Our beliefs and behaviours are influenced by how we perceive the world. This is why when creating campaigns it is vital to understand consumer perception, and how this can influence people’s opinions of brands and products. But what factors can actually affect perception and perception change?
The exposure effect
People have evolved to build an image of the world in a heuristic way such as using mental shortcuts, rules of thumb and cognitive biases. An example of such heuristic is the exposure effect. The more frequently we are exposed to a stimulus, the more favourably we perceive it. In a classic experiment by Robert Zajonc, university students were presented with meaningless “Turkish” words and asked whether they think the word means something positive or negative. The more frequently students were exposed to a given word the more positively they perceived it. This insight lies at the heart of all advertising – the more customers see a product the more favourable their perception will be.
Another factor influencing perception is our affective state. If we are in a positive mood, we will more likely perceive the world positively because we project our mood onto outside factors. According to the affect-as-information theory, people find it difficult to disentangle information coming from the environment and the information about internal affective states. As these two are mixed, the positive emotion influences how we see the environment. This explains why customers are more likely to engage with a product when they are in positive mood. The presence of humour in adverts is also one of the strongest predictors of ad effectiveness. An exception of this rule relates to the charity sector where negative moods have been found to encourage people to donate.
Context can also heavily influence perception. In a study by Dan Ariely participants were asked to say the last two digits of their social security number. Then, they were asked to assess the price of a given bottle of wine. Participants who were primed with large numbers (80-99) on average perceived the bottle of wine to be worth $56. However, participants who cited small numbers (up to 20) on average said that the bottle was worth $16, showing our perception of fair pricing can depend on the seemingly irrelevant contextual information that we are primed with.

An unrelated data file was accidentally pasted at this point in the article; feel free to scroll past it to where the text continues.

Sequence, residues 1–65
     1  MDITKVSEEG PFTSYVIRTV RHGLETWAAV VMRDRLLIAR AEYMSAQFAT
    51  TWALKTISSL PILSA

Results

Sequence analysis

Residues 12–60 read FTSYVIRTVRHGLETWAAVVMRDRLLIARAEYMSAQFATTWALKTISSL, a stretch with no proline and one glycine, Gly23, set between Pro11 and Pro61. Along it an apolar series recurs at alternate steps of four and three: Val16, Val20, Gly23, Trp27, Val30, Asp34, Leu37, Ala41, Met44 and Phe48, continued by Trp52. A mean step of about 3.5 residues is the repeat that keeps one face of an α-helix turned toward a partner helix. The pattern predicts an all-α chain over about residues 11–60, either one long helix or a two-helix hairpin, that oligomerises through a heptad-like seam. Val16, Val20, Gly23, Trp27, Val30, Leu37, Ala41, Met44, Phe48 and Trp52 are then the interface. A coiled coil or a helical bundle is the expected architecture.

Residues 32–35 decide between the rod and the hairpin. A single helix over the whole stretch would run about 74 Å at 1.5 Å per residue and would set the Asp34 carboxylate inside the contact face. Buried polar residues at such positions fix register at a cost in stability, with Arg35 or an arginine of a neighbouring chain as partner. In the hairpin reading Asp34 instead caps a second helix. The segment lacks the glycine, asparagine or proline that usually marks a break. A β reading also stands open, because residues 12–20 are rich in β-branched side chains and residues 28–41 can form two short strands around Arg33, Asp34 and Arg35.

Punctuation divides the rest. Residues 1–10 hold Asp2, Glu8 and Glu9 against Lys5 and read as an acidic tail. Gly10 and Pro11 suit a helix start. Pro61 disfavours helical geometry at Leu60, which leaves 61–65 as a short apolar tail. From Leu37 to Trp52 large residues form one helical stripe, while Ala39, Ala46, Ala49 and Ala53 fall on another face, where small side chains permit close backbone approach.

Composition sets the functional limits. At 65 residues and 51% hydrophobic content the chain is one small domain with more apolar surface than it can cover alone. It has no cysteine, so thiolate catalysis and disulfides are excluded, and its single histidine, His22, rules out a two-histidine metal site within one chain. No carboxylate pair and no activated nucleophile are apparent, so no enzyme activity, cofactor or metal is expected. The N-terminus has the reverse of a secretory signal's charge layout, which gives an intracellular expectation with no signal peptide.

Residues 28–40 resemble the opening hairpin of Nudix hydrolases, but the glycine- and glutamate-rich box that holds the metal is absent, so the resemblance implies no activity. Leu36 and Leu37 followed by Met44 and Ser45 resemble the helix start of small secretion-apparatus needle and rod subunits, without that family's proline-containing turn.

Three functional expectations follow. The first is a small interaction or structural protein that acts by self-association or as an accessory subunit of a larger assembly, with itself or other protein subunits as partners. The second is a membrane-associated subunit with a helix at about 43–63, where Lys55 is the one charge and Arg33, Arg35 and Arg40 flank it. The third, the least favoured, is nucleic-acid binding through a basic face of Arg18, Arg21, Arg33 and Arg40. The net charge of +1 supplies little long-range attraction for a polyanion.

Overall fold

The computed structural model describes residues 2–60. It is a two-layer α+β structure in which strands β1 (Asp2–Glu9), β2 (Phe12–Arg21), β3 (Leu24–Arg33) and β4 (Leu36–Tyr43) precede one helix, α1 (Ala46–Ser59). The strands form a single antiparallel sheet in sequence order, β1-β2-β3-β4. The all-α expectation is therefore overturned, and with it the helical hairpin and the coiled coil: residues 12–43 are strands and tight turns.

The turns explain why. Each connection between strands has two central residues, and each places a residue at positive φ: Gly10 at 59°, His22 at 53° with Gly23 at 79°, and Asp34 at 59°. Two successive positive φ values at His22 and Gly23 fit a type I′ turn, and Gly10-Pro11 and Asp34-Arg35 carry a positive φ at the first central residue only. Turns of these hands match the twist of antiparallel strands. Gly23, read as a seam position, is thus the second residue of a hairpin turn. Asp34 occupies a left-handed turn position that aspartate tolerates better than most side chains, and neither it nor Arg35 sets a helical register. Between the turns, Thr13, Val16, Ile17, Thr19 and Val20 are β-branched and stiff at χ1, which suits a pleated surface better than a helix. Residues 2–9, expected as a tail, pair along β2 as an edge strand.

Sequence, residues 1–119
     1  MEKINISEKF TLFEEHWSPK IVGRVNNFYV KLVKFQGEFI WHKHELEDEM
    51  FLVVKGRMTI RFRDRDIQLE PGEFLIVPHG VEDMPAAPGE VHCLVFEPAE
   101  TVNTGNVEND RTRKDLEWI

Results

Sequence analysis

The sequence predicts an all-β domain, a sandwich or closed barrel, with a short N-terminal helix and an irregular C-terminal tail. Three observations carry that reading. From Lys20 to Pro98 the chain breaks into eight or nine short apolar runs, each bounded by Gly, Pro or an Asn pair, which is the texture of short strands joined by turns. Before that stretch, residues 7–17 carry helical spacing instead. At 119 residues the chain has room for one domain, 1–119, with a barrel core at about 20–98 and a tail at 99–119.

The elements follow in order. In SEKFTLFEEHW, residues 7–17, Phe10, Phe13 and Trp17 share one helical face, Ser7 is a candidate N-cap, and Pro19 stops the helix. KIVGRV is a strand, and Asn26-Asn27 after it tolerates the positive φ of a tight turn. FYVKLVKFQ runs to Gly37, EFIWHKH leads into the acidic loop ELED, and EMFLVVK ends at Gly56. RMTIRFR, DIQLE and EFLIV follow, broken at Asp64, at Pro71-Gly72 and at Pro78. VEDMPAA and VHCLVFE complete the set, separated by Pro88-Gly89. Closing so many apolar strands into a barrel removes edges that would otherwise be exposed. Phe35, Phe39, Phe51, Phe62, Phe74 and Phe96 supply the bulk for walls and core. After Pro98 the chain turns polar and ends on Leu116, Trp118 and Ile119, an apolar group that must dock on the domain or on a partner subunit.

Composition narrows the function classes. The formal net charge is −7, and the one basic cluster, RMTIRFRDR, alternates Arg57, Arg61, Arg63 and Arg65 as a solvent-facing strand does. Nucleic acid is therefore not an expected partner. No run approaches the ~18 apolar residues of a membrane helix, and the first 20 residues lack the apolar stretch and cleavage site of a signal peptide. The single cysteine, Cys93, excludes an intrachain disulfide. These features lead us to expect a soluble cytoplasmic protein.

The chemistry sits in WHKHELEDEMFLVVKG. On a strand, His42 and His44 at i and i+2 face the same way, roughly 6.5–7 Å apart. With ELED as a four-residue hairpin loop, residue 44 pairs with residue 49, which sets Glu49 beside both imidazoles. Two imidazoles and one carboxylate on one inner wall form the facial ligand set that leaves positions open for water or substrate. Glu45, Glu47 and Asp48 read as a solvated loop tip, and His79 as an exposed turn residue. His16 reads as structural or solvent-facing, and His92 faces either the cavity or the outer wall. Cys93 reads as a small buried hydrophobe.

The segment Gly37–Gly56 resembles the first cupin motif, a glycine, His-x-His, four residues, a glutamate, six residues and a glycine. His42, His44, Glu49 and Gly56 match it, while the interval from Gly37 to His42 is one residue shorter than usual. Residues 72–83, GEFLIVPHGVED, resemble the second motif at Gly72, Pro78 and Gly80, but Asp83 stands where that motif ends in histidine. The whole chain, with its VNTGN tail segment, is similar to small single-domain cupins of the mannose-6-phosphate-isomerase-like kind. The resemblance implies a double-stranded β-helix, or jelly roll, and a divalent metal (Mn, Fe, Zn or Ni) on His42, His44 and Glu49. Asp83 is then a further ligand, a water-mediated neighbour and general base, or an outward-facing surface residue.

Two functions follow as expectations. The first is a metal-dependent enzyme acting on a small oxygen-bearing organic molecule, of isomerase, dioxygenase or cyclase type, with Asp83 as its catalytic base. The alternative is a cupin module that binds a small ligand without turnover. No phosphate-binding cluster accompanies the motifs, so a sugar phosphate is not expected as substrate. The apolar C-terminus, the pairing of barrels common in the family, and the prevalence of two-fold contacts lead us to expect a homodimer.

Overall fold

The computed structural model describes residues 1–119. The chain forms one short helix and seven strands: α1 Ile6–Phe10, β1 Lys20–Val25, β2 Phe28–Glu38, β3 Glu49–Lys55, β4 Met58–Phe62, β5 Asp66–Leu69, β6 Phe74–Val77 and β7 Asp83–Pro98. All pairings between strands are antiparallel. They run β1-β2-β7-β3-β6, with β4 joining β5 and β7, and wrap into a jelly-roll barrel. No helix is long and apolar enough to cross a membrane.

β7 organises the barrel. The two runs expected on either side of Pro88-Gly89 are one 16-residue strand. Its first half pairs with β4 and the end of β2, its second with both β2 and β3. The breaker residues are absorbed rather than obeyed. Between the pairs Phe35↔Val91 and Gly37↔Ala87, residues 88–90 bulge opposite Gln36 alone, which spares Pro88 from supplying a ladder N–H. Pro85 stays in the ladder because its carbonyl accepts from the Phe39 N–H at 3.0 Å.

Source of information
Another important factor is the source of information. The more trustworthy a source, the more likely we are to accept the information. Emotional attachment or history of previous positive interactions also predict higher levels of trust. This represents the power of social media advertising where brand information can be disseminated among friends or among followers of an influencer. Facebook uses this insight when adding a nudge to a page such as “[your friend] X likes this page”. This short sentence works better than any other type of direct persuasion. We also trust information more if it comes from a neutral source rather than a source which has an active interest in the provision of this information. This is why people are more likely to trust reviews and opinions of customers rather than the information provided by the brands. Marketers can use this insight to frame their message as coming from a third-party source rather than from the brand itself.
Finally, our existing beliefs also influence how we perceive the world. Our perceptions are created by information from our sensory organs. However, the information retrieved from the memory (in a form of schemas and expectations) is also taken into the equation, known as the top-down process. A good illustration of this phenomenon is a study in which participants were given two identical ice creams, but were told that one was made from natural ingredients in a traditional way, while the other was made with artificial ingredients and sweeteners. The task was to say which of them tasted better. Despite both ice creams being the same, most participants perceived the “natural” ice cream to be better, demonstrating how our mind can bend reality to make our perceptions consistent with prior beliefs and expectations. As such it represents a significant challenge for marketers, whose job is to effectively produce a perception change by knowing what matters to customers and framing the campaign accordingly.